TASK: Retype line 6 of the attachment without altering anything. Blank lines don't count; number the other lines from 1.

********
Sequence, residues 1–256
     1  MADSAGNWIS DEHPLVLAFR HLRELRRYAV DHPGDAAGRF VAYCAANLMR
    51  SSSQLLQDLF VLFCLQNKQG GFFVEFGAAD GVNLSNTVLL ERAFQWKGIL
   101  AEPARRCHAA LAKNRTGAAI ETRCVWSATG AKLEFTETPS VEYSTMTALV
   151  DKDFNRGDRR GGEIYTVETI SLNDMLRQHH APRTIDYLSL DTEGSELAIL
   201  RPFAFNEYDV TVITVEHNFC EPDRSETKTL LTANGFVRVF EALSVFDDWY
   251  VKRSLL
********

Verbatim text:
   201  RPFAFNEYDV TVITVEHNFC EPDRSETKTL LTANGFVRVF EALSVFDDWY